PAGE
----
Hong Kong urged to back tougher export controls on four shark species

Over 50 countries support amendment of international convention, but most Asian members, including China, have yet to make a stance

PUBLISHED : Friday, 23 September, 2016, 7:02am
UPDATED : Friday, 23 September, 2016, 9:56am

Conservationists are calling on Hong Kong authorities to support amendments to an international convention on wildlife trade, specifically proposals to tighten export scrutiny of four species of shark.

Up to 200 documents will be up for consideration at the Convention on International Trade in Endangered Species 17th Conference of Parties in Johannesburg, South Africa, from Saturday to October 5.

On the agenda is a proposal to add the silky shark, three types of thresher sharks and devil rays to Appendix II of the convention. Species under this appendix are not necessarily threatened by extinction but trade will have to be closely controlled through export and re-export permits to ensure it is not detrimental to their populations.

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The silky is listed as “near threatened”, while thresher sharks are “vulnerable” on the IUCN Red List.

Over 50 countries have expressed support for the amendment. But most Asian members, including China, where the bulk of global demand is centred, have yet to make a stance. Hong Kong’s Agriculture, Fisheries and Conservation Department will send a two-man delegation to the conference.

“There is a very powerful international consensus and we believe there is a high possibility that it will go through,” said Hong Kong Shark Foundation executive director Apple Chow Yuen-ping.

The city is one of the world’s major shark fin trading hubs. In 2014, 5.5 million kilograms of shark fin was imported into Hong Kong, accounting for more than half of the global trade.

Because of its significant role, Chow said it would be the city’s duty, even if it was not entitled to a vote, to state a clear position.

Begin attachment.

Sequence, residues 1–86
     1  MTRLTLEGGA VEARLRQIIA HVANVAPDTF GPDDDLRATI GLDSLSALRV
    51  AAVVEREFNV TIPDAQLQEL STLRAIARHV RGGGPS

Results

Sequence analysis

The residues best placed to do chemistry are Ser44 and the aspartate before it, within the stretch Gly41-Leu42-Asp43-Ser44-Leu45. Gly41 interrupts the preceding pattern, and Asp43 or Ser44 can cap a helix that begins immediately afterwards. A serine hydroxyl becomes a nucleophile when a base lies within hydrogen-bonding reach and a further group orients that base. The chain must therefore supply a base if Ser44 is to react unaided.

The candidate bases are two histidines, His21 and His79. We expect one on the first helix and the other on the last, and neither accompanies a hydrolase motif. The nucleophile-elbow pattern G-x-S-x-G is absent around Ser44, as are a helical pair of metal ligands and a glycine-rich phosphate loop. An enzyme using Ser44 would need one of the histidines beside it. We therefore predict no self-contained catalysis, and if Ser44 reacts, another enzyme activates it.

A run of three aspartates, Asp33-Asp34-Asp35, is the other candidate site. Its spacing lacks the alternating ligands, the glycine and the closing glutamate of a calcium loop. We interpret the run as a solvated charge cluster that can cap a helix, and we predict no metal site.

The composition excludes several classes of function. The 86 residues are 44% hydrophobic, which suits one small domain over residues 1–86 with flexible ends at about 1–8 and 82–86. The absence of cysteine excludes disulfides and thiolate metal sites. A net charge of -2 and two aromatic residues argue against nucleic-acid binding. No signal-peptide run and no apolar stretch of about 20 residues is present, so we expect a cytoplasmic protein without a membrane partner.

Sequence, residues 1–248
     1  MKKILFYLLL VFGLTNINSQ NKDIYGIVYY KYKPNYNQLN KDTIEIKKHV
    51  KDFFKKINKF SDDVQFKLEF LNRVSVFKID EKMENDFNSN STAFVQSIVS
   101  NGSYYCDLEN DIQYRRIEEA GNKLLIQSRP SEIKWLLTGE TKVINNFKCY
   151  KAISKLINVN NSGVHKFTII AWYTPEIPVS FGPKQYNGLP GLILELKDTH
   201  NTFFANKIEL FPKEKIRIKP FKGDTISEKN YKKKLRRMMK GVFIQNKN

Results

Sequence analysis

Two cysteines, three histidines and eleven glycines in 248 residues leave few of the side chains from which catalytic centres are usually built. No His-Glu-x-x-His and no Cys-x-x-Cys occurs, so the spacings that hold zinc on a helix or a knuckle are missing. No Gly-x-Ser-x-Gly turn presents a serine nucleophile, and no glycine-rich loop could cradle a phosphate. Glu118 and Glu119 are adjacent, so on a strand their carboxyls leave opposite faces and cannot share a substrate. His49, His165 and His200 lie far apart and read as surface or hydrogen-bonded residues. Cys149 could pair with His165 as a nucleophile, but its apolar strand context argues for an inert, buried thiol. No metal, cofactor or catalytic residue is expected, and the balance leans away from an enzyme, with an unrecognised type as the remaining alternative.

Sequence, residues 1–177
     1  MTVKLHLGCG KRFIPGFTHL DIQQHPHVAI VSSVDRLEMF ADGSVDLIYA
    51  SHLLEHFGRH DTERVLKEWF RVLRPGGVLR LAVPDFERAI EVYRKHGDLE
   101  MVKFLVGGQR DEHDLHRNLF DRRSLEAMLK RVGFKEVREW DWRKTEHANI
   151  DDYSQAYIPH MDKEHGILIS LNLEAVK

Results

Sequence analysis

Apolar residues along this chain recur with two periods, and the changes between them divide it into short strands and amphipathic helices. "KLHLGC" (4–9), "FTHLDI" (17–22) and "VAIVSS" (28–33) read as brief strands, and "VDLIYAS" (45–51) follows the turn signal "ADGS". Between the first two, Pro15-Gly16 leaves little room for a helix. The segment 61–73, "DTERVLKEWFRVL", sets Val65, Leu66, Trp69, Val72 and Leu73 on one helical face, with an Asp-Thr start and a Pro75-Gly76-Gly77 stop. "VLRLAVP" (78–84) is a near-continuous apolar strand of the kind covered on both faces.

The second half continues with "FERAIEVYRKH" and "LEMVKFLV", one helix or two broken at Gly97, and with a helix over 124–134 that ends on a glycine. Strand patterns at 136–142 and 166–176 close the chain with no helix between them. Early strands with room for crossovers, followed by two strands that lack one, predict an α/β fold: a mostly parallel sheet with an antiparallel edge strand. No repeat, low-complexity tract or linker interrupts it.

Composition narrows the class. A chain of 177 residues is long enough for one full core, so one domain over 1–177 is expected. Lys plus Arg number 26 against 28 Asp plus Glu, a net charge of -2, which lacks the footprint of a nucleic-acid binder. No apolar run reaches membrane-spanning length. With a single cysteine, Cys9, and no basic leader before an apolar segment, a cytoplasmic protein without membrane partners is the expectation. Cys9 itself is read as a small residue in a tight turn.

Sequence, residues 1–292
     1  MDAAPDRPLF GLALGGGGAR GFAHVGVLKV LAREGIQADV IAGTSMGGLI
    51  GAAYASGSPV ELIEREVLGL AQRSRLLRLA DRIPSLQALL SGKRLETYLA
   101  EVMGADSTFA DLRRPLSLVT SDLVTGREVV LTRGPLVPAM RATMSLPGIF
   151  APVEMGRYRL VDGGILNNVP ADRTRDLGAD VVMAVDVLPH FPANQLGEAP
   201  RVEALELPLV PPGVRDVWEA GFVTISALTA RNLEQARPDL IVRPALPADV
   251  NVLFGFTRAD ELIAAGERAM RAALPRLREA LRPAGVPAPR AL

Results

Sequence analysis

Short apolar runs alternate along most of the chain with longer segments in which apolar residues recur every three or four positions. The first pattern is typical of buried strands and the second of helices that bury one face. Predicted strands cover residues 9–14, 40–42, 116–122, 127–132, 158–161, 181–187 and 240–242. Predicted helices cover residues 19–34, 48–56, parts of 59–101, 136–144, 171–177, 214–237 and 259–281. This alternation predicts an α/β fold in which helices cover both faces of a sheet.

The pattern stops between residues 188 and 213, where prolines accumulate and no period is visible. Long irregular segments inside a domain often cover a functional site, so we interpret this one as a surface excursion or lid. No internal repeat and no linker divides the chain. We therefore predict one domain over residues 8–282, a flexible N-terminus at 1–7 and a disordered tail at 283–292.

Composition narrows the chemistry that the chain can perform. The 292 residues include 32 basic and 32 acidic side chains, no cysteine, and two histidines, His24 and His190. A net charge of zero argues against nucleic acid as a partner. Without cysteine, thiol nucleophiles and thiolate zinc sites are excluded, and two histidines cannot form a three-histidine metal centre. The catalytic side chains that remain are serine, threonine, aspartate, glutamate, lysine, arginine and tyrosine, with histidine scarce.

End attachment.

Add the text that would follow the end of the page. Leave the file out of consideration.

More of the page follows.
“As such an important player, whether or not we support this direction at an international meeting will really reflect how much responsibility we want to share in the conservation of sharks. As such we would really want to know their stance.”

While mainland China is a signatory to the convention, Hong Kong, not being a sovereign state, follows Cites provisions strictly under the scope of local laws. Fins from these two species, which make up under 10 per cent of the market, and other Appendix II species can be sold and consumed legally.

Yet, thresher shark stocks have declined by 83 per cent in the Pacific over the last three generations. Stocks of silky sharks have fallen 67 per cent in the Pacific in the past 20 years, mostly as a result of becoming “by-catches” of the tuna fisheries trade.

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Chow recommended local authorities step up controls on the sale of endangered species in the market, such as requiring shark fin vendors to apply for licences that are normally only needed when dealing with live specimens.

“If our role is so huge and if we need to bear the international responsibility, shouldn’t we consider whether we need to go beyond the basic requirements of Cites?”

But the chairman of the Marine Products Association, Ricky Leung Lak-kee, who represents the local shark fin trade, argued traders were already victims of “overregulation”.

Conservationists are really pushing it to the extreme with their own ‘standards’ and unreasonable campaign proposals
Ricky Leung Lak-kee, Marine Products Association

“We don’t oppose any Cites amendments because they are international agreements and based on science and fact, that we must accept,” he said. “But conservationists are really pushing it to the extreme with their own ‘standards’ and unreasonable campaign proposals.”

Leung told the Post that for first time in years, no one from his organisation would attend the conference because “industry morale was very low”.

Thresher, a cheap type of fin, and the silky, a mid-range fin, make up only a few per cent of the market. Most fins come from the blue shark, which “breeds at extraordinary rates”, Leung said.

A department spokeswoman said the government was committed to the protection of endangered species and that parties to the convention would consider the proposals based on a set of biological and trade criteria. Import and export control, however, would remain the main tools for regulating the shark fin trade.

In the last two years, officials seized eight shipments of illegal imports of shark fins from Cites-listed species weighing about 1,500kg.